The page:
Definitions for bachbɑx
This page provides all possible meanings and translations of the word bach
Random House Webster's College Dictionary
(v.)bach it, to live alone.
Origin of bach:
1850–55, Amer.; by shortening
Johann Sebastian, 1685–1750, German organist and composer.
his sons, Wilhelm Friedemann, 1710–84, Carl Philipp Emanuel, 1714–88, Johann Christoph Friedrich, 1732–95, and Johann Christian, 1735–82, German organists and composers.
Bach, Johann Sebastian Bach(noun)
German baroque organist and contrapuntist; composed mostly keyboard music; one of the greatest creators of western music (1685-1750)
the music of Bach
"he played Bach on the organ"
lead a bachelor's existence
A holiday home, usually small and near the beach, often with only one or two rooms and of simple construction.
To live apart from women, as with the period when a divorce is in progress (compare bachelor pad).
Johann Sebastian Bach, a German organist and composer
Origin: Probable shortening of bachelor
A bach is a small, often very modest holiday home or beach house. Baches are an iconic part of New Zealand history and culture, especially in the middle of the 20th century, where they symbolized the beach holiday lifestyle that was becoming more accessible to the middle class. "Bach" was originally short for bachelor pad, but actually they often tended to be a family holiday home. An alternative theory for the origination of the word is that bach is Welsh for small, although the pronunciation of this word is somewhat different. Baches began to gain popularity in the 1950s as roads improved and the increasing availability of cars allowed for middle-class beach holidays, often to the same beach every year. With yearly return trips being made, baches began to spring up in many family vacation spots. One humorous definition of a bach is "something you built yourself, on land you don't own, out of materials you borrowed or stole."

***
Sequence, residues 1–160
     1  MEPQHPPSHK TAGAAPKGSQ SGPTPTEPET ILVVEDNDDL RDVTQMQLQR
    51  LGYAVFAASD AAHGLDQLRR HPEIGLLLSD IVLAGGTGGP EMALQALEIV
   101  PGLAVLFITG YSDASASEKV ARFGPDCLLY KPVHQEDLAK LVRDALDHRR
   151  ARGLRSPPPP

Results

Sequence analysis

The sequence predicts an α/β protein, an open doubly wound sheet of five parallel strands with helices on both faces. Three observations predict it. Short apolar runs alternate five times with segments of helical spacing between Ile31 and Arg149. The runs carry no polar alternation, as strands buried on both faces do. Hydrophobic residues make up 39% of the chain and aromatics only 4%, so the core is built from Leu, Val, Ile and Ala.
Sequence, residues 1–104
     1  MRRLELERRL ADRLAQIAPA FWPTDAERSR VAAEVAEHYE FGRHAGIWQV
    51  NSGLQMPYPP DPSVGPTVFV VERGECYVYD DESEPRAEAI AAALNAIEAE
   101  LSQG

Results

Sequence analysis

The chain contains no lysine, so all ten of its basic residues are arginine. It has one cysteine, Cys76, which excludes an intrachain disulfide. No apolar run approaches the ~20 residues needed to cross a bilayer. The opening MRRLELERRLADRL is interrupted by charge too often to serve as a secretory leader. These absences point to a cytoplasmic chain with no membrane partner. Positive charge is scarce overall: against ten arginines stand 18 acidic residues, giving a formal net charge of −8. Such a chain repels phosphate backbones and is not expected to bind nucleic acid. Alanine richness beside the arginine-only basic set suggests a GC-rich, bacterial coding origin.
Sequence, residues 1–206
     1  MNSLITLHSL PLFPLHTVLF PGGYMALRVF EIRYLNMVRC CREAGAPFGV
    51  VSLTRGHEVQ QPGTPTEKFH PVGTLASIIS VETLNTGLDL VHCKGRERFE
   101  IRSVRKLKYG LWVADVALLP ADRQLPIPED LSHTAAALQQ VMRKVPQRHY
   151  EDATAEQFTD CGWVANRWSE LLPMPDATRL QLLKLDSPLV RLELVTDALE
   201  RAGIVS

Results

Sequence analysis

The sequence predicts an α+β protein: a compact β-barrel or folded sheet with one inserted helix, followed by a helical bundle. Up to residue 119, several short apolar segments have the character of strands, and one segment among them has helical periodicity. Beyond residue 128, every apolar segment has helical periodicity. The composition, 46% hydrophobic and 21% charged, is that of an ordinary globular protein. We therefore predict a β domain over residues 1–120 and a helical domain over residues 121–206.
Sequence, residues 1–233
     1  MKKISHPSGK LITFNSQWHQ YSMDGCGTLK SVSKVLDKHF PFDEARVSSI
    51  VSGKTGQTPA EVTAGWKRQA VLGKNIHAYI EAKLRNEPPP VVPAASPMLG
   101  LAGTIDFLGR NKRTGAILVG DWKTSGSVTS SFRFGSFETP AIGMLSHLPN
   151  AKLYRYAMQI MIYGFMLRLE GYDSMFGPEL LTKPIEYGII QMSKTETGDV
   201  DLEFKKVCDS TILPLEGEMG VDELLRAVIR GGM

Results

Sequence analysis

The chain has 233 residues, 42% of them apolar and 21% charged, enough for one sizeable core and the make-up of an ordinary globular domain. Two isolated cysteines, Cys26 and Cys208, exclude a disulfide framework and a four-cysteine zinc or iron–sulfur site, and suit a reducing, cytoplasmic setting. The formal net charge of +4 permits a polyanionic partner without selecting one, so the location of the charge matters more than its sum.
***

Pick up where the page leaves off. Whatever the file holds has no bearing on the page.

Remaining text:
Find a translation for the bach definition in other languages:
Select another language: